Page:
MIAMI | A retired State Department officer and his wife who are accused of spying for Cuba appear to have avoided capture for 30 years because their communications with the Caribbean island were too low-tech to be detected by sophisticated U.S. monitors.
Longtime State Department intelligence researcher Walter Kendall Myers, 72, and his wife, Gwendolyn, 71, were arrested this month after a weeks-long sting operation in which they told an FBI agent posing as a Cuban intelligence officer that they received orders from Cuba's intelligence services over shortwave radio, according to a Justice Department affidavit.
U.S. intelligence spends little time combing the shortwave bands for secret, nefarious transmissions, said James Lewis, director and senior fellow for the Technology and Public Policy Program at the Center for Strategic and International Studies in Washington.
"I'm not surprised [the U.S. intelligence community] missed this," Mr. Lewis said. "We don't put an emphasis on monitoring this kind of activity."
Shortwave radio is a remnant of an era that existed before the Internet and satellite communications, including the sophisticated eavesdropping equipment of the National Security Agency.
But Chris Simmons, a former Cuba analyst for the Defense Intelligence Agency (DIA), said Cuban intelligence still likes to use shortwave to communicate with its agents in the United States.
Former DIA senior analyst Ana Montes, arrested in September 2001 and convicted of spying on behalf of the Cuban government, also received her orders in shortwave communiques. So did Jennifer Miles, who in the 1960s was the last State Department official before Mr. Myers to be arrested on charges of spying for Cuba.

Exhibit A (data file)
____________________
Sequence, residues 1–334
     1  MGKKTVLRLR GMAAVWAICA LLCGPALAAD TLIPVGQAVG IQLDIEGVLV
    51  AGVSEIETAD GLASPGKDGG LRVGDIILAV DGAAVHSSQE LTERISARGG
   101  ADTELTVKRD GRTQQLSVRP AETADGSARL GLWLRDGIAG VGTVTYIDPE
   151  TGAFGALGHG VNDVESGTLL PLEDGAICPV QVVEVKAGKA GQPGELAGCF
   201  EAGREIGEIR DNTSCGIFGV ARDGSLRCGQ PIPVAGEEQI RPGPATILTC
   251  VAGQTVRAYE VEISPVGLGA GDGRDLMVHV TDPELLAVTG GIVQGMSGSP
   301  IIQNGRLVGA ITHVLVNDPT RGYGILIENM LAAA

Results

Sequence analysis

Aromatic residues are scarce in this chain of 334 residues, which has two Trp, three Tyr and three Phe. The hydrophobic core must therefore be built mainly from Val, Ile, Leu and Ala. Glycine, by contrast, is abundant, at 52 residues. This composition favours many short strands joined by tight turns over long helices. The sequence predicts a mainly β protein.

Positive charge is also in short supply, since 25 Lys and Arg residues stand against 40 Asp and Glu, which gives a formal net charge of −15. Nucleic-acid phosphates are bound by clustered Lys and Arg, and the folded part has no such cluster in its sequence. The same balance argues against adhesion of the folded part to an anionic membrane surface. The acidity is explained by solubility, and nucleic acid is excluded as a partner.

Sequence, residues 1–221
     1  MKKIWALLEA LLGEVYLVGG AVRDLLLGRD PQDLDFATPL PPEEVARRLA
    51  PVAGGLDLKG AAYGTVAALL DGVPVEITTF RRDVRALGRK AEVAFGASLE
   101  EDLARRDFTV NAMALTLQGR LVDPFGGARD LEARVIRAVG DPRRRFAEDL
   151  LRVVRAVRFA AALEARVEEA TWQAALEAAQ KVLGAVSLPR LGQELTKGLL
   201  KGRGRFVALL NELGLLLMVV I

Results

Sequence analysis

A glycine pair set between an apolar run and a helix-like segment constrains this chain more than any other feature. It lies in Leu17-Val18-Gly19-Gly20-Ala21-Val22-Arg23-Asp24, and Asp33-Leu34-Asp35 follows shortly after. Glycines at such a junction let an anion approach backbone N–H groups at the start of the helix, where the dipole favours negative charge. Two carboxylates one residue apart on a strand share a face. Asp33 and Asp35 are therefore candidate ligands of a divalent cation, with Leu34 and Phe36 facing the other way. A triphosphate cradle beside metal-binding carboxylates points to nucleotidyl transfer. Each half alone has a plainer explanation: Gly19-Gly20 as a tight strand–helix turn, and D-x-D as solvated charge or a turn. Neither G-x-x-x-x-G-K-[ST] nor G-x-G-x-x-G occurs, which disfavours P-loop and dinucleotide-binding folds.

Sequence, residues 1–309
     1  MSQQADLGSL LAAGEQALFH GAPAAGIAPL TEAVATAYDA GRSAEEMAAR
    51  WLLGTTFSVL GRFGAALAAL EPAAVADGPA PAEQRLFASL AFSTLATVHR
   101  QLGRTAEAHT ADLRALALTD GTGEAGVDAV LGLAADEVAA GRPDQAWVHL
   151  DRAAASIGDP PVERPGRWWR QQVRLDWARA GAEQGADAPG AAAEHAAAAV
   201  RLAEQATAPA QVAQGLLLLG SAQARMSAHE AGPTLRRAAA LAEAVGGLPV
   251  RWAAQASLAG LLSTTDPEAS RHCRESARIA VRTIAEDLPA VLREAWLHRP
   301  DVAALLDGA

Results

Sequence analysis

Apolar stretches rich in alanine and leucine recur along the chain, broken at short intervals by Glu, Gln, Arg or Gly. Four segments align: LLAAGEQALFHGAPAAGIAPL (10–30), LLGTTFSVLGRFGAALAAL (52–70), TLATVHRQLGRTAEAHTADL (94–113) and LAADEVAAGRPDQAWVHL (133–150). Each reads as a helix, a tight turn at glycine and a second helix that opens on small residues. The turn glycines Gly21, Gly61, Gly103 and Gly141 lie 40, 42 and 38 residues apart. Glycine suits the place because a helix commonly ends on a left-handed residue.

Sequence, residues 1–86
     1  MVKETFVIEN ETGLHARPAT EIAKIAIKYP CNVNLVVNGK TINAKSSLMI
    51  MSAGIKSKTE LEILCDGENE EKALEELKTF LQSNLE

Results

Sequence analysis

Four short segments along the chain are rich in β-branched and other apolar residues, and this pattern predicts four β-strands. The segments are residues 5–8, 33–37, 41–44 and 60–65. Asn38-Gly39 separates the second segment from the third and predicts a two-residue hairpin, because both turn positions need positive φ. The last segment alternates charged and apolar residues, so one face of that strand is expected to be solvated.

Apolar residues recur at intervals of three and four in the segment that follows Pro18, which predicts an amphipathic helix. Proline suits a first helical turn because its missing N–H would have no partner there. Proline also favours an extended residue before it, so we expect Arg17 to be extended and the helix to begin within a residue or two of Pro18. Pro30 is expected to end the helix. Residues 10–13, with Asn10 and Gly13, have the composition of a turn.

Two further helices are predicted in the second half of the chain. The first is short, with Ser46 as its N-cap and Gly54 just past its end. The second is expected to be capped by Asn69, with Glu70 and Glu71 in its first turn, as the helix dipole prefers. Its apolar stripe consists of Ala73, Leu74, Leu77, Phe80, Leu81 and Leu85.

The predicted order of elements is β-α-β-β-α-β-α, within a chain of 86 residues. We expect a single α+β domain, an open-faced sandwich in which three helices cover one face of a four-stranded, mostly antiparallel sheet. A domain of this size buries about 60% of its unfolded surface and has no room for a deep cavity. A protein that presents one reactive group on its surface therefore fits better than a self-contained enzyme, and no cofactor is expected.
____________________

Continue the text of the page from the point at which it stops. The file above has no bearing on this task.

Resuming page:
"While some countries have moved to computer-based communications [for clandestine operations], Havana still largely relies on shortwave broadcasts," Mr. Simmons said.
The International Amateur Radio Union said there are more than 700,000 amateur radio operators in the United States.
Though shortwave operators are required to have licenses to transmit in the United States, many do not, said one shortwave user, adding that used equipment is readily sold online.
The Justice Department affidavit said Cuban intelligence appears to have sent the Myerses an unknown number of messages since the late 1970s, using simple number-to-letter codes.
"If you broadcast short messages and are disciplined, you are going to get away with it," Mr. Lewis said.
Even if U.S. authorities detect a transmission and determine that it is a coded message from a foreign intelligence unit, they do not know for whom the message is intended, Mr. Simmons said.
"When an intelligence agent broadcasts from Havana, the footprint it puts down on the earth is hundreds of miles across," he said. "And so from an investigative standpoint, it's impossible to find out who it went to."
Just 50 to 100 watts, about the power needed to illuminate a light bulb, can broadcast a shortwave message halfway around the world, said Moe Thomas, a broadcast television engineering technician in Washington and a shortwave radio enthusiast.
Shortwave radio is considered a "robust backbone system" that works when "all other means of communication are down," Mr. Thomas said, noting that shortwave transmissions have been useful for disseminating information after natural disasters.
Many foreign embassies and U.S. agencies in Washington have shortwave antennas on their roofs, and the news broadcasts of the federally funded Voice of America reach some of the most remote corners of the world via shortwave radio.
A short numerical cipher broadcast from Cuba can easily go unnoticed among the many shortwave transmissions filling the airwaves.
Mr. Simmons said Cuban intelligence uses its U.S. agents to monitor military movements and gather other information and then puts it up for sale.
"The view from Havana is that U.S. intelligence is a commodity that is to be bought, sold and traded to anyone that can come up with the right offer," he said, claiming that Havana told Iraqi leader Saddam Hussein about the type of equipment and forces the United States was using ahead of the Persian Gulf War and the Iraq war.
"Havana has a very keen understanding of where our weak spots are ... and they exploit them," Mr. Simmons said.
Efforts to contact officials at the Cuban mission in Washington for comment were unsuccessful.